The Nature of Iowa Territorial Politics
Rickman, W. Edward
MetadataShow full item record
The problem. Although a number of works have been done on the history of the Iowa Territorial period, 1838-1846, there are no studies which attempt to analyze the development of politics during this period. The essential purpose of this thesis is to examine the nature of political development, the strength of political activity, the nature and influence of partisan politics, the specific development of politics on the various levels of government, and the relationship between territorial politics and national issues. Procedure. This study is primarily based on an intensive investigation into all of the original territorial papers available in the Iowa State Department of History and Archives, including the collection of newspapers for this period. Further research was done in the various historical journals which contain material relative to the period. General histories were used to compile cumulative data that had a bearing on political development. This material was then used to develop a narrative history of political development in Iowa Territory. Findings. Early political activity in Iowa Territory was not well organized and largely emanated from the former political experience of the settlers. Party organization was rather slow and sporadic with the first evidence of development in 1840. Political organization was primarily effected on the local level and was largely concerned with local issues. There is much evidence of the development of local oligarchies during the period. There was a major trend of many experienced politicians dominating the Territorial Council and showing real strength in the House of Representatives. All of the Iowa counties evidenced a rather consistent political party bias. Voting records indicate that partisan politics had a major influence on the development of a Constitution for statehood. The major doctrines of the two parties closely followed national party doctrines except on local issues where personal factions often developed.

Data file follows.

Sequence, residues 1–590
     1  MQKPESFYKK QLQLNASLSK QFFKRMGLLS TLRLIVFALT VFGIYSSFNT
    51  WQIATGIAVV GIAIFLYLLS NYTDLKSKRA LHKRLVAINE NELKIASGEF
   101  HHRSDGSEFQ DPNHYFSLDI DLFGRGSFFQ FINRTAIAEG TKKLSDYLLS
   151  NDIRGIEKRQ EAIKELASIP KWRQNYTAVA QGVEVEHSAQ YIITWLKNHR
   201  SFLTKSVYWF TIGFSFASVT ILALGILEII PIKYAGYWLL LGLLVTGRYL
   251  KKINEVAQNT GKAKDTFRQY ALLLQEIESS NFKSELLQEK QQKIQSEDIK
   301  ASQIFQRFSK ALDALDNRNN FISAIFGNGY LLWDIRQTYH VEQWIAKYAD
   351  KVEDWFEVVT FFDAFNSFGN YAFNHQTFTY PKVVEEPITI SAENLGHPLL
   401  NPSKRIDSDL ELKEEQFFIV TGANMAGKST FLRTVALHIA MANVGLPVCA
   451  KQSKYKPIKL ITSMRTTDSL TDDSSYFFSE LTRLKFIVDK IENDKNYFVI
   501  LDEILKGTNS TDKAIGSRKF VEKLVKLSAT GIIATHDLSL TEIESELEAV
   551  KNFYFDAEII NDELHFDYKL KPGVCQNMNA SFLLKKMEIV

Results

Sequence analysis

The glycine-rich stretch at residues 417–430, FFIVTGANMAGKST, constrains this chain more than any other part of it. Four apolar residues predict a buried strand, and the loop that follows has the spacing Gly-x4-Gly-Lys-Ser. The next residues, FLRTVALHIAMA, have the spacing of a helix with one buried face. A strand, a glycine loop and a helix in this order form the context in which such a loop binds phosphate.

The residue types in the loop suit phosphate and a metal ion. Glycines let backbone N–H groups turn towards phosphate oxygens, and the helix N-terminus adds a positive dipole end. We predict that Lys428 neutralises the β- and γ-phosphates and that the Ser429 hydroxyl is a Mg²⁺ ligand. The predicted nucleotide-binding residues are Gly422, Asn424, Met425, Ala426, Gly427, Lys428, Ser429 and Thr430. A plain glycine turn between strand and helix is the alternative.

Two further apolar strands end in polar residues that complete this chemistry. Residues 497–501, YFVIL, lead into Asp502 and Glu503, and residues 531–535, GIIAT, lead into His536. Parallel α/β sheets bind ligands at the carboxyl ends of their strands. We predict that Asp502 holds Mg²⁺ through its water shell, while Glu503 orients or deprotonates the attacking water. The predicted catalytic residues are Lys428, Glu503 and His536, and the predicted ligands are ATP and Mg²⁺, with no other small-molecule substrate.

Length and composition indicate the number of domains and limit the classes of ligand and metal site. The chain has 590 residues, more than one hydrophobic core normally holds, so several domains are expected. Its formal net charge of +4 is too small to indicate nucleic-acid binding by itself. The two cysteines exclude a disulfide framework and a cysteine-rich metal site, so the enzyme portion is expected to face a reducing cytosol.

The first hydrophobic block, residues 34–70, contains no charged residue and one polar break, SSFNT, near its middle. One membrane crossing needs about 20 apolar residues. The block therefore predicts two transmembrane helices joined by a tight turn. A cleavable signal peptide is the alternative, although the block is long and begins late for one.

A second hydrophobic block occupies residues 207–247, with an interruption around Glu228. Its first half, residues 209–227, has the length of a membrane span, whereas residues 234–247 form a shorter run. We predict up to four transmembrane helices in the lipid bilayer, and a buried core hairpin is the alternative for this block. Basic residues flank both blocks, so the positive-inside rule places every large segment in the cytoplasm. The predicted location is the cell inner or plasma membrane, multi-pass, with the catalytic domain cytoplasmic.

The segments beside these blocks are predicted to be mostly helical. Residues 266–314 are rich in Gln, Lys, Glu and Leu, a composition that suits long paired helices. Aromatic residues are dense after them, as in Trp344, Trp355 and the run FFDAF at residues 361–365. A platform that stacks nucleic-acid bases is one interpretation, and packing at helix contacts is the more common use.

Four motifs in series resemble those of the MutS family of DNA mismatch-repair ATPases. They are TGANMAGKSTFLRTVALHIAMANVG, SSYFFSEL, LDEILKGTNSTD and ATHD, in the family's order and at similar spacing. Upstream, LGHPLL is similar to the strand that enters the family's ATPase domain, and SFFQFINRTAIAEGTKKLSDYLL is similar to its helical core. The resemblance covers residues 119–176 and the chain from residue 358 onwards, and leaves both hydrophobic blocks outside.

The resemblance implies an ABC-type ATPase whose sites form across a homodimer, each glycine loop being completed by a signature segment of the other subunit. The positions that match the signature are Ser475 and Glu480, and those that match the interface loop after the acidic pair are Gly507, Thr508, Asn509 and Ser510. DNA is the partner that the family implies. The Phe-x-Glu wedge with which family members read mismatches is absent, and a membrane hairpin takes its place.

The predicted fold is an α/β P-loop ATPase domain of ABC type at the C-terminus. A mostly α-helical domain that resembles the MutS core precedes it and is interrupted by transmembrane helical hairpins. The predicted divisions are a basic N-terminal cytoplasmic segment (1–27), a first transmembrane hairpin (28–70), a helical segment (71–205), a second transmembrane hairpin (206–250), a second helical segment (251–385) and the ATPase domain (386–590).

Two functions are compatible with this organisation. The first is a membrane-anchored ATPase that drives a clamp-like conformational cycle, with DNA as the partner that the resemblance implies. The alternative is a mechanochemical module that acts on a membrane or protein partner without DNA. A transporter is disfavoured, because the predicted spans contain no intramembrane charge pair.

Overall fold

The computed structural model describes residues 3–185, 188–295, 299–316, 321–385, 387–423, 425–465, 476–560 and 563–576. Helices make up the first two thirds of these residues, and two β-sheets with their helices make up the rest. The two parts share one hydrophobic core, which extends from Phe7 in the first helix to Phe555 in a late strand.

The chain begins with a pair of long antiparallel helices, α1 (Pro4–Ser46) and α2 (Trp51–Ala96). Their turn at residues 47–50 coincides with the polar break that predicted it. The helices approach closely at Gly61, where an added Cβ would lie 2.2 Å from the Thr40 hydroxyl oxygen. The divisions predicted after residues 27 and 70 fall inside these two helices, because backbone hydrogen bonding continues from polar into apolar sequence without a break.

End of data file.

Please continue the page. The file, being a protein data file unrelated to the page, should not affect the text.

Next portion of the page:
- Theses